What Are Complementary Proteins?

Both plant and animal products contain protein. While animal products have complete proteins, many plant based proteins are incomplete. What does that mean? There are at least 20 amino acids, although that number is now in question. The body can make all but nine, which are considered essential amino acids that have to come from the food we eat. Not all plant sources have adequate amounts of each and some have certain essential amino acids missing entirely, so they’re incomplete. In order to have a complete protein, you have to eat foods with complementary proteins that total up to a complete protein.

If you’re eating quinoa, soy or buckwheat, you don’t have to mix and match proteins.

They have complete proteins, but few other plant sources do. That means you fill in the gaps to ensure you get all the essential amino acids. You can do it at one meal, by eating beans and rice, for instance, or eat complementary proteins throughout the day, like having a rice dish at noon and a bean dish at supper.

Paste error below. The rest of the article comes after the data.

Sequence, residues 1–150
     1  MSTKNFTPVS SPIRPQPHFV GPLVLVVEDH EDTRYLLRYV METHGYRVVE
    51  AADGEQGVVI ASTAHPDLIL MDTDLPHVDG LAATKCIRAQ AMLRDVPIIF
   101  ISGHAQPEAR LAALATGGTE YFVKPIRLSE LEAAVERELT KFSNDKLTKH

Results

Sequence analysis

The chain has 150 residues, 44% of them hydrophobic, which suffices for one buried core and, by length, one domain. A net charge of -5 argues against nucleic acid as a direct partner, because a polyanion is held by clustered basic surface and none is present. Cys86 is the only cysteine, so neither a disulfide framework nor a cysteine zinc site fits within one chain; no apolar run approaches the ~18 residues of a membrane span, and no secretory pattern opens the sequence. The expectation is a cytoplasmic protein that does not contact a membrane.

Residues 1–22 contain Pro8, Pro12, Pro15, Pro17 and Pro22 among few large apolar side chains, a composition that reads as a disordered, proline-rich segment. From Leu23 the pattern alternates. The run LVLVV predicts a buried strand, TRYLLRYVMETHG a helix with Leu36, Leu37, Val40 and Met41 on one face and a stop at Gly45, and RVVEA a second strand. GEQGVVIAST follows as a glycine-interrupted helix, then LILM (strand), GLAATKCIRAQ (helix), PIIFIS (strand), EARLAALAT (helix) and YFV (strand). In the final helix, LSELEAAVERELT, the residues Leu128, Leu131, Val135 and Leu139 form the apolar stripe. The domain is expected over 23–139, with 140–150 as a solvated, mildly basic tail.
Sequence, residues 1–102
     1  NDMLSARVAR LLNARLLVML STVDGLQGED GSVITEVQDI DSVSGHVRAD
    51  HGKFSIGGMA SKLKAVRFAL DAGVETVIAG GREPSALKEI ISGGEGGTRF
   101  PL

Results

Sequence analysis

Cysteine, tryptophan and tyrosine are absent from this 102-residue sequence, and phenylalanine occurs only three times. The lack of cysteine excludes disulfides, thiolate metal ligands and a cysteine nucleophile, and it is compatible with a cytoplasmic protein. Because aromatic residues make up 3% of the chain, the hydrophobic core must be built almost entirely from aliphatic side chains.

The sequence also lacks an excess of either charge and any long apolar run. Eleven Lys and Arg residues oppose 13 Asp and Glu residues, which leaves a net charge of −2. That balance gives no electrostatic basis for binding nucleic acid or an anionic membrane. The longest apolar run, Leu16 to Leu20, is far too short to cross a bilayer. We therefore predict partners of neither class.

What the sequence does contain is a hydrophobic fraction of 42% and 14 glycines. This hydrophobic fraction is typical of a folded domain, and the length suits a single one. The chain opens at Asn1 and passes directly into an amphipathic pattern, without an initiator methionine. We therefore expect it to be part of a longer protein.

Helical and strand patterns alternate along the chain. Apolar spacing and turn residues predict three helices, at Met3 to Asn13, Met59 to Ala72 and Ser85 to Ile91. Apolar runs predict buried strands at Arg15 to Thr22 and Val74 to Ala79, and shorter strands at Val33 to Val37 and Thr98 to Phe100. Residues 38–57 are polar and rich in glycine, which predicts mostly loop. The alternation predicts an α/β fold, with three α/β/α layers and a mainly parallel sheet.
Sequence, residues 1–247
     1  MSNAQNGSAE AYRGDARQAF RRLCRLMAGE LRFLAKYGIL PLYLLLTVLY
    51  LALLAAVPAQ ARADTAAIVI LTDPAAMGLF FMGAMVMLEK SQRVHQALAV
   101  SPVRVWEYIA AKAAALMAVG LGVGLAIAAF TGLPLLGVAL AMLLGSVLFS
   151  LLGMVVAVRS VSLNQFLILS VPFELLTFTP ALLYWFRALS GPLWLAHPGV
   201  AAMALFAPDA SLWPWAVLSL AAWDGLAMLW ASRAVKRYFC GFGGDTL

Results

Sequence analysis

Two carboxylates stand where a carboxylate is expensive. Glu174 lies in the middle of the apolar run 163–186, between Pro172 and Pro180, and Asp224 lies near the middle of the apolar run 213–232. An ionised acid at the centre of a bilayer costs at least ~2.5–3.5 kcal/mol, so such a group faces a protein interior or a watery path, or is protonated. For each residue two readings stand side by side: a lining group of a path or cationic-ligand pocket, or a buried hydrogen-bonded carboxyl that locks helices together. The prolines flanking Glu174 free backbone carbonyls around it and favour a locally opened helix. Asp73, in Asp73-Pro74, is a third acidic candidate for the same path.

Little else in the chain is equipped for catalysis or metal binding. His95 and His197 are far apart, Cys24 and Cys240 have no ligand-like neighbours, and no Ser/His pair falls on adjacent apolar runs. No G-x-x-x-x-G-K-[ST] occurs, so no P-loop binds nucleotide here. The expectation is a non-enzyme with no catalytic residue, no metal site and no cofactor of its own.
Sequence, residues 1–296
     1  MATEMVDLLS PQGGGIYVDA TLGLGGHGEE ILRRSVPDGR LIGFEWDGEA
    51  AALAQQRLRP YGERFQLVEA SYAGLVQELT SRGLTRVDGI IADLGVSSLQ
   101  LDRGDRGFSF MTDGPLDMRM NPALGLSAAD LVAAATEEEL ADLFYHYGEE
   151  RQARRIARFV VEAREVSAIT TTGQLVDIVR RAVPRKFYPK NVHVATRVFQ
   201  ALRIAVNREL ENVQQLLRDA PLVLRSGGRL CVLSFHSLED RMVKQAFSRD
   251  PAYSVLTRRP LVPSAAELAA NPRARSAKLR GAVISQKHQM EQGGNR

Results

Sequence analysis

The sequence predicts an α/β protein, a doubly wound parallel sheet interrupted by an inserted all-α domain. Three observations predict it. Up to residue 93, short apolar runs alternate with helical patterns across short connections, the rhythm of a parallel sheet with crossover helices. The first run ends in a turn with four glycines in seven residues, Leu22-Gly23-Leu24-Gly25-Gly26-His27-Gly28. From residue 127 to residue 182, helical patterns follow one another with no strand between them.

There are some natural combinations of protein that are delicious.

Beans and rice are one option, but there are many more combinations you can use. A peanut butter sandwich on whole wheat bread is another option. Tofu with rice, hummus on pita bread and noodle stir-fry with peanut or sesame seed sauce are other natural options. Of course, you can also combine animal protein with the plant protein options, like yogurt and nuts or whole grain cereal and milk.

You don’t have to worry if you’re eating animal products.

Toss in a hard-boiled egg or two, a chicken breast, yogurt or a grilled cheese sandwich and you’ll be alright, but if you’re a vegan, the balancing act gets harder. Some dependable forms of protein come from soy products. Whether you consume edamame, tofu, tempeh or soy milk, it’s a good source of protein. Another good source is quinoa, which you can use instead of rice to provide complete protein for the day.

  • While it’s harder to get adequate protein from vegetables alone, they offer other benefits most animal products can’t, like certain vitamins and minerals, plus are a good source of fiber.
  • A delicious snack is also a good source of complete protein. Hummus and whole grain chips for dipping are complementary. Hummus is made from chickpeas, which has 7.25 grams of protein per cup.
  • If you want bread that’s higher in protein and loaded with all sorts of nutritional goodness, try Ezekiel bread. Slather on some peanut butter and top with a few slices of banana for sweetness and you have a lunch that’s a complete protein.
  • There are two essential amino acids that most vegetables lack and those are lysine and methionine. Good sources for both include spirulina, sweet peppers, soy, chives and potatoes.

For more information, contact us today at Team Worx Fitness

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